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Tears, laughter, thunder and lightning to celebrate Jenni Lomax’s 26 years at Camden Arts Centre

by Louisa Buck  |  19 July 2017
Tears, laughter, thunder and lightning to celebrate Jenni Lomax’s 26 years at Camden Arts Centre
Jenni Lomax steps down after 26 years as the director of Camden Arts Centre (Photo: Damian Griffiths)
It was a very special honour for your correspondent to be invited to round off the speeches and declare the toast at the packed party to celebrate the wonderful Jenni Lomax, who is stepping down after 26 years as the director of Camden Arts Centre. Leading the plaudits for one of the most universally loved and admired members of the art world in London—and way beyond—was Sir Nicholas Serota, with whom Lomax worked as an education officer during the 1980s when he was director of the Whitechapel Gallery. As well as praising the way in which Lomax turned around a down-at-heel community art centre into a beacon of artistic excellence that always places the artist at the centre of everything it does, the former Tate director and now chair of the Arts Council also revealed that his allegiance to Camden stretches back to when, as a Hampstead schoolboy, he had done his A-level revision in its library. Another notable speaker was the artist and current Max Mara art prizewinner Emma Hart, who caused much mirth by relating how one snooty art worlder had described her education workshops at the centre five years previous to her solo show at Camden in 2013 as “career suicide”.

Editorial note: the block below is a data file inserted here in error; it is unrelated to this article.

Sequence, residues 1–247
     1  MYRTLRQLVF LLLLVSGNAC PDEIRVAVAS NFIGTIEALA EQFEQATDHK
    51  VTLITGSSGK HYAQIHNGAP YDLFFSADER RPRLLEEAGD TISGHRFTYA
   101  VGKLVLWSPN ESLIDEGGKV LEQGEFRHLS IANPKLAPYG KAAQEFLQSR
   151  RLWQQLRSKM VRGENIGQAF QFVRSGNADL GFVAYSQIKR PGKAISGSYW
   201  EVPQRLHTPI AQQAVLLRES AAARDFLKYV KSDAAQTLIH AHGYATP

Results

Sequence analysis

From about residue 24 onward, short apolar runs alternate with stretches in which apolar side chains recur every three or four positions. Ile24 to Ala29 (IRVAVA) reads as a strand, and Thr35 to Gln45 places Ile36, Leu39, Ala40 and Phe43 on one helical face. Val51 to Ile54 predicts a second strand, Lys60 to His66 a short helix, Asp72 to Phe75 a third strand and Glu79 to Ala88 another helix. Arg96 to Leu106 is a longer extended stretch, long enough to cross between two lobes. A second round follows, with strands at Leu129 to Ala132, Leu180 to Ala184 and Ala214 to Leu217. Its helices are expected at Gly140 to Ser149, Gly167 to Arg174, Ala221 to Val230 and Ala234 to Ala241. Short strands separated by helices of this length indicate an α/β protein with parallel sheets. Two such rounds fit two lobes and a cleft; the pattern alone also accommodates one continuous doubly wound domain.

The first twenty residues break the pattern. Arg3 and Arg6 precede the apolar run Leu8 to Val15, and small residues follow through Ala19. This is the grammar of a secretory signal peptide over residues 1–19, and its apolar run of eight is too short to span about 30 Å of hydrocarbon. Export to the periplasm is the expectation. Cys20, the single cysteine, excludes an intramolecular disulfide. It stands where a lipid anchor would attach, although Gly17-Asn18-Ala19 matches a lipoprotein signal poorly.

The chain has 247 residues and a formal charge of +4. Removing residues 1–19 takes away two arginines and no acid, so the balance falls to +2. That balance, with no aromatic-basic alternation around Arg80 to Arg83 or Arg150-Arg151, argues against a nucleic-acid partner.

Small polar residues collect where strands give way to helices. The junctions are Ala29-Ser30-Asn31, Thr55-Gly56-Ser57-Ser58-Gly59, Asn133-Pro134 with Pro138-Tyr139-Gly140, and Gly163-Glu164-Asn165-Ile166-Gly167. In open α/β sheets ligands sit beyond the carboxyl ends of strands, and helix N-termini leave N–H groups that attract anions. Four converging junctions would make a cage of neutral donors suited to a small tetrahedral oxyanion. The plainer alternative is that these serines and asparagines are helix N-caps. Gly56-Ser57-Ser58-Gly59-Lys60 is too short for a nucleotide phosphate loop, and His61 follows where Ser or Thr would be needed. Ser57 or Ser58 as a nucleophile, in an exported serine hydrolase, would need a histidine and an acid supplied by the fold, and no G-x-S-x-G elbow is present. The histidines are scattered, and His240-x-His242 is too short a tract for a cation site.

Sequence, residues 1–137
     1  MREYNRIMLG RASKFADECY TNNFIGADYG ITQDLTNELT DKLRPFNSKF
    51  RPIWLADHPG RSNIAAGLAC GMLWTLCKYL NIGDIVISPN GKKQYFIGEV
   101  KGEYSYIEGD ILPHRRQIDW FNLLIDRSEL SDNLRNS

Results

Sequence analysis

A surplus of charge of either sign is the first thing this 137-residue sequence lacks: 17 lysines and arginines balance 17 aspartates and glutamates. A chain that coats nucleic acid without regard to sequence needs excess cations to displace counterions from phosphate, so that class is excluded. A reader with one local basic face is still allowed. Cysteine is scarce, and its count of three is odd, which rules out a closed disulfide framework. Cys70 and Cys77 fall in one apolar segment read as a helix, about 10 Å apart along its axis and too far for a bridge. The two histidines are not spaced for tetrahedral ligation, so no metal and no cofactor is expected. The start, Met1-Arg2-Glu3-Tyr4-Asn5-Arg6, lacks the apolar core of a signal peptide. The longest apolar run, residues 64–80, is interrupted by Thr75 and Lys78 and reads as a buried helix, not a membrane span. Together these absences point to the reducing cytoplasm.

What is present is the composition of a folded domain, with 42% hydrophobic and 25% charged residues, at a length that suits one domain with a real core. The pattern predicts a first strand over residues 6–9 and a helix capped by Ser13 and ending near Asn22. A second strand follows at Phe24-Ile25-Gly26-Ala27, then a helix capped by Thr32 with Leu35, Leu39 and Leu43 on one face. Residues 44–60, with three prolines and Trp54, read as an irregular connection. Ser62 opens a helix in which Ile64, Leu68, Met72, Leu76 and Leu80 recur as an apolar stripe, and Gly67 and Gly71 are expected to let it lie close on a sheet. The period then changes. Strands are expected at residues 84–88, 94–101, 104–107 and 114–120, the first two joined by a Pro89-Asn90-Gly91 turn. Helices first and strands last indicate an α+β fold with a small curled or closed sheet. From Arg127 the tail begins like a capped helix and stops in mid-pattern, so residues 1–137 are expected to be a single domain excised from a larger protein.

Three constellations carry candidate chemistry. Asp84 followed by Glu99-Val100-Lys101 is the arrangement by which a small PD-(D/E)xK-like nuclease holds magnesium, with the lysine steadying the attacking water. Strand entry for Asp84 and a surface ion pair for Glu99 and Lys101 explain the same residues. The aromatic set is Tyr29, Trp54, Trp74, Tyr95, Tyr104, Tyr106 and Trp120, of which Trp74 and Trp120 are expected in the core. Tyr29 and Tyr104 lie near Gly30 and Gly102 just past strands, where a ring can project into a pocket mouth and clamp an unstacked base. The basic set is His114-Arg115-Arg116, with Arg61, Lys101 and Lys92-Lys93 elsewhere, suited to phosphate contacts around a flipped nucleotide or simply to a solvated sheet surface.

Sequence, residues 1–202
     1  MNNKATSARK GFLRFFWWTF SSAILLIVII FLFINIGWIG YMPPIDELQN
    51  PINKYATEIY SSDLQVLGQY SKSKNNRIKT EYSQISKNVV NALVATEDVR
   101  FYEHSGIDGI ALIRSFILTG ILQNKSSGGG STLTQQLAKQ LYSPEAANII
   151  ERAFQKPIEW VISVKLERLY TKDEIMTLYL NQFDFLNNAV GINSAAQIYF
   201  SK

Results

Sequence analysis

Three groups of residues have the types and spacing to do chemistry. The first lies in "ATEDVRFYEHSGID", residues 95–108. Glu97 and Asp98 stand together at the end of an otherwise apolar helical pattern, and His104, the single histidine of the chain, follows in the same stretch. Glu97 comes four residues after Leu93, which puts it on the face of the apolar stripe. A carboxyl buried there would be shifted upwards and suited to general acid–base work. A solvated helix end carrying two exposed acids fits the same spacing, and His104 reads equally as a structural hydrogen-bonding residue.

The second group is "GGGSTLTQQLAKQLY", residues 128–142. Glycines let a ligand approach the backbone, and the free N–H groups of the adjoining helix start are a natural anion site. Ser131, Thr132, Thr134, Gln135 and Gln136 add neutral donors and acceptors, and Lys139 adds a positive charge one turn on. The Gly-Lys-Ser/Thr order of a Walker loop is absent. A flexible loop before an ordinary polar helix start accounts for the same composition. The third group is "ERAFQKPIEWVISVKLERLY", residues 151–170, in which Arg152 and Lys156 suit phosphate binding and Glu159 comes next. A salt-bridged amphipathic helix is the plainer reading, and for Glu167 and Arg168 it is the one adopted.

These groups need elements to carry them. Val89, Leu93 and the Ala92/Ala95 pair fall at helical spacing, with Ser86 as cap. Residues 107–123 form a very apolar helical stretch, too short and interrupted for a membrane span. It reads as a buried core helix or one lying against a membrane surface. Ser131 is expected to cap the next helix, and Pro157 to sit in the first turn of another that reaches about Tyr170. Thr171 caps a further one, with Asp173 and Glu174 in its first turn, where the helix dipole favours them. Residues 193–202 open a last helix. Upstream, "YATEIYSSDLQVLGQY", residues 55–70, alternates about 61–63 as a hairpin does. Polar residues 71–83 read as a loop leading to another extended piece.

There was more laughter—and some tears—from many of the several hundred strong crowd, including Lomax herself, as an abundance of stories unfolded about the extraordinary vision, rigour and generosity of spirit with which she infused her quarter century-plus at Camden, along with her legendary dedication to polishing the brass nameplate and—as witnessed by this writer—scrubbing its floors. Even though the summer holidays are now in full swing, the list of attendees covered every element of the art world with a particularly strong representation of artists: Antony Gormley, Richard Wentworth, Jeremy Deller, Cornelia Parker, Yinka Shonibare, Mark Wallinger, Anna Barriball, Anya Gallaccio, Bonnie Camplin and Humphrey Ocean, to name but a few. Truly an extraordinary evening and the end of an era (although Lomax did cause a sigh of relief by assuring everyone that “I won’t be far away”). And even the elements intervened when, once the speeches were over, a dramatic thunderstorm caused the heavens to open and brought everyone inside from the garden and onto the dance floor.   

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